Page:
"There Is One God And One Mediator Between God And Men, The Man Christ Jesus" 
1 Timothy (2:5)

Exodus 3:14 – “I Am That I Am”





The words “I AM”

Anyone can say the words, “I am,” but that does not mean that he is claiming to be God. Someone could say, “I am over here,” but that is not claiming they have a divine name. Likewise, someone could say, “I am hungry” or “I am sick.” Neither example is claiming divinity because of the use of the words, “I am” because the context clearly shows us that is not what is occurring.



FIRST: “I AM” Is Not A Name

The context of the passage (John 8:58), to which Jesus was responding, indicates that he was speaking about his existence, not his name, which is in reference to the words “Before Abraham.” In addition, the statement would be meaningless if we were to use the phrase “I am” verbatim as it is written and claim it to be a name; it’s like saying “Before Abraham was, Tom,” the sentence structure is left incomplete.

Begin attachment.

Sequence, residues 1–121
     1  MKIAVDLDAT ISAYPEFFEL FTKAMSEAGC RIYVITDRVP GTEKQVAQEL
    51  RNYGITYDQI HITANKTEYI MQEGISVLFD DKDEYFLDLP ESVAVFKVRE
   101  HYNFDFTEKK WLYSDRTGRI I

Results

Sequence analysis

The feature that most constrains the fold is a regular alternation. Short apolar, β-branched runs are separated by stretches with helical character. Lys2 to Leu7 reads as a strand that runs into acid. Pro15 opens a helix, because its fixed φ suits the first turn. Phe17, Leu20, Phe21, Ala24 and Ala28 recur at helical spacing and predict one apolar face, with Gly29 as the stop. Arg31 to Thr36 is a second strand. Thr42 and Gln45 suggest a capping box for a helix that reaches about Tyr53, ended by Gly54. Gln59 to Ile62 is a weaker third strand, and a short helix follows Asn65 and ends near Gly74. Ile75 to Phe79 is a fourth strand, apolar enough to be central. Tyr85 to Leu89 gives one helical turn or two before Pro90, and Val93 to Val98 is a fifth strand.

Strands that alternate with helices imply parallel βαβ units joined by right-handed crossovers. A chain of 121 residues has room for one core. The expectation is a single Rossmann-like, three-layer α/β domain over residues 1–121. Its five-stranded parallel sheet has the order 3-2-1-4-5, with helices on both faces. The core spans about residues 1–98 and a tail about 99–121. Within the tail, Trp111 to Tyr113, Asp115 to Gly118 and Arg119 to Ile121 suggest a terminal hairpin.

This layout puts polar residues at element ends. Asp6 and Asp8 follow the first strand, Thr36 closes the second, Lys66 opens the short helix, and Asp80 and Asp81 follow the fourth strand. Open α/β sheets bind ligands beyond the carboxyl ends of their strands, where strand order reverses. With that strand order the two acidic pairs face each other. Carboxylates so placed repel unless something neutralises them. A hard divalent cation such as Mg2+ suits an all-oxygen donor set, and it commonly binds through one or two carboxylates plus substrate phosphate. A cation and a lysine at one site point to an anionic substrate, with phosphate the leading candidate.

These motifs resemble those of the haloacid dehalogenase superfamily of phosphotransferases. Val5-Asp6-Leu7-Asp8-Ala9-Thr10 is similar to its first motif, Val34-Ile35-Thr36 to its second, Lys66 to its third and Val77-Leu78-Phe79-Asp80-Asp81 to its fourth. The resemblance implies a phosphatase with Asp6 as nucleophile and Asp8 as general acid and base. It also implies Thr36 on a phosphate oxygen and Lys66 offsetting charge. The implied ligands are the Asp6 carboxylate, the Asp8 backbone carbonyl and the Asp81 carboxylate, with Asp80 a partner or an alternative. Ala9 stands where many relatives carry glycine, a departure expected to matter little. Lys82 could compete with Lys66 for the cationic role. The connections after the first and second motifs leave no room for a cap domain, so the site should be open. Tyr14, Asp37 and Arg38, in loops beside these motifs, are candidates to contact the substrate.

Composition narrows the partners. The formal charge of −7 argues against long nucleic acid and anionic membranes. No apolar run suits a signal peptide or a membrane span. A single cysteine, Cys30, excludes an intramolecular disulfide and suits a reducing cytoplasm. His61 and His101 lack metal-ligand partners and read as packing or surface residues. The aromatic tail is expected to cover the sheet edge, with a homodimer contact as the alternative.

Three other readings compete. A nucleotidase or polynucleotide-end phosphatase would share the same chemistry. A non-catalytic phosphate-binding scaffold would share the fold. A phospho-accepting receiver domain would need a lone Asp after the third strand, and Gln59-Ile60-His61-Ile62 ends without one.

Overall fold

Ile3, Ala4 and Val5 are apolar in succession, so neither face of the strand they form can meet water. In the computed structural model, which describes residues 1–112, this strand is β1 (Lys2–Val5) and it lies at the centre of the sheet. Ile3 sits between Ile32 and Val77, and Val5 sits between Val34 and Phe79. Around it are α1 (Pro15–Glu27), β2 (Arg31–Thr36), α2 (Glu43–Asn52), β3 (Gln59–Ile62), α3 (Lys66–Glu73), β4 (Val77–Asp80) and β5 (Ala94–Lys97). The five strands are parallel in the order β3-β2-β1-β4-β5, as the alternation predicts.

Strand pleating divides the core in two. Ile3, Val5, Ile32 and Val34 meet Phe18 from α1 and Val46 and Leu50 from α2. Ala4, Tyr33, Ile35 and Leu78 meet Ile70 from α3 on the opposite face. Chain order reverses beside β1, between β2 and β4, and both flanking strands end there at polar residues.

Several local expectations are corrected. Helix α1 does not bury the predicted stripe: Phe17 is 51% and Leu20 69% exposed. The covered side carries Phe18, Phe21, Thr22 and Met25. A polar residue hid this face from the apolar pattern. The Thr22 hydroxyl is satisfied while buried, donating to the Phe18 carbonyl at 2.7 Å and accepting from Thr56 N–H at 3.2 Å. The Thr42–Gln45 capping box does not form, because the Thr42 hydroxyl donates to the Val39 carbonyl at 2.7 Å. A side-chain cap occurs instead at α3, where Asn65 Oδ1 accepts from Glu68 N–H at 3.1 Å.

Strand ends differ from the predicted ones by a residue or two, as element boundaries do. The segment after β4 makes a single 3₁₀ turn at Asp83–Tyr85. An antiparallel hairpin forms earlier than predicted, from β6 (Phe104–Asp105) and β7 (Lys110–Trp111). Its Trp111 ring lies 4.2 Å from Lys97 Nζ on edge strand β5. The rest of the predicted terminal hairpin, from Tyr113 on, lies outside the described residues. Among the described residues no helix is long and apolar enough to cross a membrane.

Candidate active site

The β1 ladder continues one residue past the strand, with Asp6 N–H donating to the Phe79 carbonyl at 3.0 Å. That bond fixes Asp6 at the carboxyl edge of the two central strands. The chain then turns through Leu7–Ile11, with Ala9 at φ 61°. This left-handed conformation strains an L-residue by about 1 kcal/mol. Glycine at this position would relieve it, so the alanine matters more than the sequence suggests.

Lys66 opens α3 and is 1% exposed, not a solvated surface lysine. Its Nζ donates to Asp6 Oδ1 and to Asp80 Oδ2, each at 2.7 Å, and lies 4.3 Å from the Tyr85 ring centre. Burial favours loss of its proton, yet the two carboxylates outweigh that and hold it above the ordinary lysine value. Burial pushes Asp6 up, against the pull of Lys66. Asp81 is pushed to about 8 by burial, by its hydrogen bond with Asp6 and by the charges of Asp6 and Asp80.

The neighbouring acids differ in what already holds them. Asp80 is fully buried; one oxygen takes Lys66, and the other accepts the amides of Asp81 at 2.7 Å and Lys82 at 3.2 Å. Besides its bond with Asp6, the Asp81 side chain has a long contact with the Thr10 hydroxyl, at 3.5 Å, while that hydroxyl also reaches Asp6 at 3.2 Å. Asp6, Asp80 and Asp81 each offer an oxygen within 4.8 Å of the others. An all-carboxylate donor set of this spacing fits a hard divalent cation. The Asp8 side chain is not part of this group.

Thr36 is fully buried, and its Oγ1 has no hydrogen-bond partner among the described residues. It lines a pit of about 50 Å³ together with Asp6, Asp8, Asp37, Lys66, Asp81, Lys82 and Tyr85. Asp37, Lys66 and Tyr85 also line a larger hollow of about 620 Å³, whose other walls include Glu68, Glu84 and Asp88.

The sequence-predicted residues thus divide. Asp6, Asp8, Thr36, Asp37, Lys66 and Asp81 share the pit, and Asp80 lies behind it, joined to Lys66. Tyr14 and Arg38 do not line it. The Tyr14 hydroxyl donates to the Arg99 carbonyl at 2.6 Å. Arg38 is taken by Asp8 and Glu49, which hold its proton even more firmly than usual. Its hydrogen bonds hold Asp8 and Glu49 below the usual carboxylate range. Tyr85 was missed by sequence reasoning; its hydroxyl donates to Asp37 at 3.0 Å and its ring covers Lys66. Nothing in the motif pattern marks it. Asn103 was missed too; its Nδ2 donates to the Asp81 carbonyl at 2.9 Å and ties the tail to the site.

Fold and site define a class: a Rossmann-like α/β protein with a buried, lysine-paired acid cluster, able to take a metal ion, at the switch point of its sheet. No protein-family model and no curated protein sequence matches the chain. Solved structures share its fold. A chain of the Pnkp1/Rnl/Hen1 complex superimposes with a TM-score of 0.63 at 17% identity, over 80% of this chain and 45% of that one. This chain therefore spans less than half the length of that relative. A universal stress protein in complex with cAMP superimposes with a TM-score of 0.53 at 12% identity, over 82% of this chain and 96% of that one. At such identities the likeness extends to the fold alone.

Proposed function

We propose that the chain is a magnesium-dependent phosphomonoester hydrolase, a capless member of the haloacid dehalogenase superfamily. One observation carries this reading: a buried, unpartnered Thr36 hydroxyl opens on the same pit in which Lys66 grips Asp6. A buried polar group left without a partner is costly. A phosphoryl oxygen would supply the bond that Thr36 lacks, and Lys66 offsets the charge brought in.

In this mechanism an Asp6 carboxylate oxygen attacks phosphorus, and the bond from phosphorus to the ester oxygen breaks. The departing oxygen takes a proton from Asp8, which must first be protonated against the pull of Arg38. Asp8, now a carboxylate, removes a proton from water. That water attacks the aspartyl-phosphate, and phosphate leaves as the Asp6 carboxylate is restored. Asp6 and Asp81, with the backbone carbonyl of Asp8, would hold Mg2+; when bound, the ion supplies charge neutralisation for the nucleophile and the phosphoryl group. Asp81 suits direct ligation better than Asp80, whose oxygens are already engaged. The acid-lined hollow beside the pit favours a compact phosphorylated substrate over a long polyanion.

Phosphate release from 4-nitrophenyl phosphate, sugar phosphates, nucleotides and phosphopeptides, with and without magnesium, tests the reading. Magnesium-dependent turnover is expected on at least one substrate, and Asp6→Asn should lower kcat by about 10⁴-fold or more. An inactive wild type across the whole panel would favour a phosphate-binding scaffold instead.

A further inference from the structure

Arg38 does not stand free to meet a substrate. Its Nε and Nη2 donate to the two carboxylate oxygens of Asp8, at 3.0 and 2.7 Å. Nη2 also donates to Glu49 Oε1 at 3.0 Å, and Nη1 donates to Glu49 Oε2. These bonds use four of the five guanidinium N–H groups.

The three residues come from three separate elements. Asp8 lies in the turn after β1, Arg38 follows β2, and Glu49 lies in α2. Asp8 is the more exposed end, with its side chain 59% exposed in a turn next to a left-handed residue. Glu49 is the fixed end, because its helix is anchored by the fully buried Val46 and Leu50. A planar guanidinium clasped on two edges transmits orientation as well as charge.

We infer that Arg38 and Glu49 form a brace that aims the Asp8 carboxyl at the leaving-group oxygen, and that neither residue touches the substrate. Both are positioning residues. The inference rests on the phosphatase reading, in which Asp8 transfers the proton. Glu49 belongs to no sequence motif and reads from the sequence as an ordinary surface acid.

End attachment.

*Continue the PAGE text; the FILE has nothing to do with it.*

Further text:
SECOND: Jesus did not say “I am that I am”


In Exodus 3:14 God says to Moses, “I AM THAT I AM.” Most acknowledge that this is an incomplete translation of the Hebrew wording, “Ehyeh Asshur Ehyeh.”


This Hebrew term is more accurately translated as, “I exist {present tense} as what I AM, and what I have always existed as {in the past tense}, and what I will continue to exist as {in the future}.”


This Hebrew phrase matches the Greek equivalent description in Revelation 1:4 perfectly as, “Him who is {in the present} and who was {in the past} and who is to come {in the future}.”


(God is a Spirit- John 4:24; I change not-Malachi 3:6) God the Father, who is also known as Yahweh or Jehovah (LORD in the OT – Ref. The Name of God), is the One, “who is, who was and who is to come.”



(See: Before Abraham Was I Am – John 8:58).



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